Iz-Zaqq! Here’s the history behind this traditional and unique Maltese instrument
An essential part of Maltese folklore.
A maltese folklore performance, would not be complete without someone playing the zaqq instrument but unfortunately the instrument is slowly disappearing from the island.
The zaqq is a woodwind musical instrument that might be seen as similar to what in English is generally referred to as bagpipes.
Typically, Mediterranean bagpipes have animal skin bags. However, not only does the zaqq have animal skin bagpipes but it also has the legs together with the tail. It is only the head is removed.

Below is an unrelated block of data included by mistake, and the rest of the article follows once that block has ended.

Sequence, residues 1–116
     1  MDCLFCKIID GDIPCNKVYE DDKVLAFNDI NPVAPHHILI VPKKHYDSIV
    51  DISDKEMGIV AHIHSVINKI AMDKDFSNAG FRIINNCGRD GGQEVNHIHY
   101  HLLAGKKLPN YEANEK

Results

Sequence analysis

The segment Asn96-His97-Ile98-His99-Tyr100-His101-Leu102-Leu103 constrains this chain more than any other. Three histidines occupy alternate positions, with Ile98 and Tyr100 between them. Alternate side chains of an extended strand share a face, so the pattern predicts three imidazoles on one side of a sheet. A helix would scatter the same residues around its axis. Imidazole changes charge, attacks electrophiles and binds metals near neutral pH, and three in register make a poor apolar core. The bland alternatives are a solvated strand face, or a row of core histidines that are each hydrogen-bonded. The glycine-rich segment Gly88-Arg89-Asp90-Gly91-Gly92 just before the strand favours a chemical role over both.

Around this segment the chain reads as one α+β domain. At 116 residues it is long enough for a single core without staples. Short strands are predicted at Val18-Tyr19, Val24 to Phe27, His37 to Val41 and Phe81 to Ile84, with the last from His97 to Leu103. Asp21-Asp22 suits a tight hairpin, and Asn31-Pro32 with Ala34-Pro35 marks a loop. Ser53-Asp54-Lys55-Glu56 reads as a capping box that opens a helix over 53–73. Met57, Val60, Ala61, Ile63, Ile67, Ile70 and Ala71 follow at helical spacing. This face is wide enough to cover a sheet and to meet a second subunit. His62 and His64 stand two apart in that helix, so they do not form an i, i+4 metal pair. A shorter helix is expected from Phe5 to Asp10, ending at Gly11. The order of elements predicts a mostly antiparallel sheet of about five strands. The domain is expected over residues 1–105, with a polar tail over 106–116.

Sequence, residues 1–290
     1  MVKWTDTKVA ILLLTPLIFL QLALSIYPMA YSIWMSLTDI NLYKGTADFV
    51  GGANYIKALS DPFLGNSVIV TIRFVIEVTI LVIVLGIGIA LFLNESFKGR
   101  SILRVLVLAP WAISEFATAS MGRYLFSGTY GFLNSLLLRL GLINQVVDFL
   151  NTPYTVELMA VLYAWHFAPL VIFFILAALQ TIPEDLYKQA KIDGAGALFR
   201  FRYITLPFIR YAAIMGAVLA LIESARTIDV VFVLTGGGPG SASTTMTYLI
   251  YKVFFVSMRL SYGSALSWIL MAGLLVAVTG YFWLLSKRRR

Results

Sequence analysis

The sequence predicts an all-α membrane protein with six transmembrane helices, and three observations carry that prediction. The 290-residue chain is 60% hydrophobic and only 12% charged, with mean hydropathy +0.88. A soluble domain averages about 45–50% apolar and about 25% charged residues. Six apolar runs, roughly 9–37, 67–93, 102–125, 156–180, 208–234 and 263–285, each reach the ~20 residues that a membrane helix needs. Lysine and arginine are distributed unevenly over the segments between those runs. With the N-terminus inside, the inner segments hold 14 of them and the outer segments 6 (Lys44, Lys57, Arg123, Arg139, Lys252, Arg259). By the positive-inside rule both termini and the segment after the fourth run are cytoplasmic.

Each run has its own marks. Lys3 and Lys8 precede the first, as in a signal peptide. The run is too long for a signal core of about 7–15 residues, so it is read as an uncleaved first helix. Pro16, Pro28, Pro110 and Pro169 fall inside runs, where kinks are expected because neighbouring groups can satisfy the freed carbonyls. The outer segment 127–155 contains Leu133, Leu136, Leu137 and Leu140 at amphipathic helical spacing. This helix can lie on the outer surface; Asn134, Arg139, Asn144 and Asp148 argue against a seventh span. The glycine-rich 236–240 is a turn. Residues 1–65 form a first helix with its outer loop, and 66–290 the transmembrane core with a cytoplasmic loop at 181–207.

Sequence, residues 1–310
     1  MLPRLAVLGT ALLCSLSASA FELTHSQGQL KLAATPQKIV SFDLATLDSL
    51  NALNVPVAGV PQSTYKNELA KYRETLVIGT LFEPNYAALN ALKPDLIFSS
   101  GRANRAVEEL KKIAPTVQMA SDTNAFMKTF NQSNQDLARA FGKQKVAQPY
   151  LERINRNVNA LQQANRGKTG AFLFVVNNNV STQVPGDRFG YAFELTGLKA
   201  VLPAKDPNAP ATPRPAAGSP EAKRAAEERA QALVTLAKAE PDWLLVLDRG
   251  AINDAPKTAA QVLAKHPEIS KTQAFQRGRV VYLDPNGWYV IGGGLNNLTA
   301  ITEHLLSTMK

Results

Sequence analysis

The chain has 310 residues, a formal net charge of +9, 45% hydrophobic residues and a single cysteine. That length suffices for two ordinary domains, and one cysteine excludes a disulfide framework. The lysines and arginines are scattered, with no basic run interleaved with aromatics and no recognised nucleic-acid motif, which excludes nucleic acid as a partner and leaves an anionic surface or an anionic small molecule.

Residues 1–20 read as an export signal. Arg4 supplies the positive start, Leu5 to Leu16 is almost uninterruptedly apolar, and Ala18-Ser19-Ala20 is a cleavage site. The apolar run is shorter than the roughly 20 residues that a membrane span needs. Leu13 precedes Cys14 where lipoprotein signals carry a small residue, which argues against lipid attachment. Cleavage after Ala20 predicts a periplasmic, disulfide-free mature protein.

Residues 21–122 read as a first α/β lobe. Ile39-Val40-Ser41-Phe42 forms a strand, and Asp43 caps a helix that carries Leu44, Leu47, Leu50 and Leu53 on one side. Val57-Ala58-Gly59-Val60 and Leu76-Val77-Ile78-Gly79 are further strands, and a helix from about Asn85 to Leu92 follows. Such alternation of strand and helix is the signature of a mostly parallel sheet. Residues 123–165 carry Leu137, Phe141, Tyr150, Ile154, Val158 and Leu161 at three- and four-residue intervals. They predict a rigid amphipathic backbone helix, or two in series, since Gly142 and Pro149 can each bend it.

It has been depicted in many paintings and works of art during the 18th and 19th century but by the late 20th century, you could pretty much count the people who knew how to play it on your hands.
The photo above, shared by Joseph Abela on the Facebook group, Nostalgia Malta, shows a man known as Toni L-Hammarun from Naxxar playing this instrument. He unfortunately died in 2014 and one of the few people left alive who truly know how to play the instrument is Joseph Falzon (ir-Roy) who was taught by none other than Toni.
Have you ever seen it being played?